Tuesday, February 26, 2013

Resurrecting Immortality

Inevitably, even the most die-hard comic fans stop buying them. They get married, have kids, move far away or into smaller, shared spaces, or get downsized, sick or otherwise preoccupied and let go of their collections. I have done this, myself, on several occasions. But after each move, separation, career change and spiritual cleansing there is always a handful of comics I just can't let go and Brendan McCarthy’s art has been in most of them. An original, four-way-folded Revolver promo poster has survived a dozen relocations for twenty years, and at some point I made the conscious decision to trash almost every photograph from my childhood, but kept several beat-up issues of the British punk newspaper SOUNDS because of the Electrick Hoax comics in them. I lost my social security card ages ago, but I know that my Skin graphic novel, the disturbing tale of a thalidomide baby cum angry adolescent skinhead, is between my high school yearbook and the manuscript of my first novel. 

Why? Well, for one, Brendan McCarthy is a genius.

Most of the innovations in comicdom’s past twenty-five years can be directly traced to his and writer Peter Milligan’s experimental forays into sequential storytelling, which stretch back to the late 1970s. The first person to suggest that superhero costumes were silly and toss a jacket on them, McCarthy has also been far ahead of the curve on superhero sexuality and post-modern narrative devices. McCarthy not only incorporated dadaic psychedelia and surrealism before it was cool, he helped design (and redesign) many of the characters that ushered those concepts into the mainstream. Brendan’s groundbreaking work at 2000 AD, Crisis, and Revolver paved the way for DC’s Vertigo imprint by either influencing, introducing or collaborating with the writers who helped launch it. His penchant for over-the-top (albeit, tongue-in-cheek) excess was also humorlessly co-opted by Image Comics, but we won’t blame him for that.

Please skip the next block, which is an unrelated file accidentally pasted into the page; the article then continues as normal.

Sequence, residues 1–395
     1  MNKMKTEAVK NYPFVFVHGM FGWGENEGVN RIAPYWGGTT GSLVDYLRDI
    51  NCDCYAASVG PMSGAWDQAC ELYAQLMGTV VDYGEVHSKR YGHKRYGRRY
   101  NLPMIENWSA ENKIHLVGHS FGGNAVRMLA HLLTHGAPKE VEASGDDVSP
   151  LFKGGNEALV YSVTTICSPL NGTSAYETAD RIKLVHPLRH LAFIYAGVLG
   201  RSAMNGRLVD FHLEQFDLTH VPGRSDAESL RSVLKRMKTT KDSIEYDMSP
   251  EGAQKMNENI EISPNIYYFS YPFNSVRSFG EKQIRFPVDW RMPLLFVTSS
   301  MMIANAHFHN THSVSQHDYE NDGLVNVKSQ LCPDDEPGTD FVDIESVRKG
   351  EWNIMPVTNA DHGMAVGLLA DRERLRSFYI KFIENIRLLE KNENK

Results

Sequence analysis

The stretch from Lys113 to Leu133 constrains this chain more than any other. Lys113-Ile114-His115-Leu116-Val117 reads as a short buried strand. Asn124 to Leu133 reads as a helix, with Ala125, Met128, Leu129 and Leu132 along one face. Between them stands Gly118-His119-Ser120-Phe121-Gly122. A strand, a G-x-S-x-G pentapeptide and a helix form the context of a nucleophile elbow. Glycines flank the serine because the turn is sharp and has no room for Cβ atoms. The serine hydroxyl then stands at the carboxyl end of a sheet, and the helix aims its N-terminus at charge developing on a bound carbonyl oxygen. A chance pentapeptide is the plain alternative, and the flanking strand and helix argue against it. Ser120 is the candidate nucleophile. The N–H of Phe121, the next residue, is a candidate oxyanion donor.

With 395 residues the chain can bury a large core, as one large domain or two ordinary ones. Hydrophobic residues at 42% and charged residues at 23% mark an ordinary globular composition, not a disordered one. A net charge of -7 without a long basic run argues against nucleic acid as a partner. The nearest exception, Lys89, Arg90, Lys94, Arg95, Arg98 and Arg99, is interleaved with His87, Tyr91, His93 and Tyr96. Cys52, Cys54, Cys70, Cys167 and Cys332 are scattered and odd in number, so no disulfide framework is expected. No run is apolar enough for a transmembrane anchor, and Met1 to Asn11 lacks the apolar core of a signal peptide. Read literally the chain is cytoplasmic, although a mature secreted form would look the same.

As important and as often overlooked as Steve Ditko was before him, Brendan McCarthy is a revolutionary. He’s an innovator’s innovator. He’s a modern day Jim Steranko with a better sense of story. He’s a visionary stylist who hasn’t sacrificed awareness for aesthetics. He’s exceptional but unassuming.

A collected volume of Brendan’s long out-of-print comics is not just way overdue; it’s essential.

I’m proud to confess that Brendan McCarthy’s work has highlighted some of the most pivotal events of my own, actual life. When I kissed my very first girlfriend at the age of thirteen, I had a copy of Strange Days #1 in my left hand. For the life of me as I write this I can’t remember that girl’s name, but I remember the comic and how awkward it was holding onto it and her, too; trying not to roll it up or drop it, but ultimately losing on both counts–losing on three, technically, if we include the girl.

When I was nineteen and jobless, fresh to Los Angeles from the northern Boston suburbs, I sold my first comic book collection to a shop sporting a sun-faded Rogan Gosh poster (“He’s Hot, He’s Hindu… In Revolver!”). I told the owner I’d price all ten boxes and run his sports card operation if he gave me a job, which he did. That shop’s manager was a sharp Chilean named Gaston Dominguez who shared my interest in dystopian British comic strips and grindcore. We became best pals, roommates, and I even helped physically build his fledgling shop. Meltdown Comics and Collectibles was at least partially financed by our joint, original comic book art sales–including most of the 25 pages of Shade the Changing Man #22. I say “most,” because I kept page 24, the full, psychedelic splash, which was also the first interior page featured in my Pop Sequentialism exhibit and book. To me it's the epitome of the British New Wave influence on modern comics: great style and great substance.

Peter Milligan
’s text, “What’s left when you’ve left too soon,” resonates with greater poignancy as I grow older. McCarthy integrated the text as pop art, perhaps as a gentle reminder that we are only immortal for a limited time, but our work lives on.

When I curated my first massive, multi-artist exhibition as director of La Luz de Jesus Gallery I had the pleasure of including not one, but two Brendan McCarthy pastel drawings. It was at a later incarnation of that same show that I met my wife. I don’t think these events are unrelated. There is a string that runs through the entire body of Brendan’s work that draws people to it. Those people respond and bring something additional to the narrative, which manifests in creative ways. For evidence, one need look no further than the work of Grant Morrison, whose vast canon of meta-fiction is in many ways an extension of Milligan & McCarthy’s work on Paradax. It’s serious fun, and I mean that nonironically: it’s both intelligent and satirical, but above all, the work is significant. Dark Horse recently announced that they plan to release an omnibus including all of Brendan McCarthy’s work with writer Peter Milligan. This will preserve for future generations, one of comics’ all-time, greatest collaborations.

Hopefully that's what's left when we've all left too soon.

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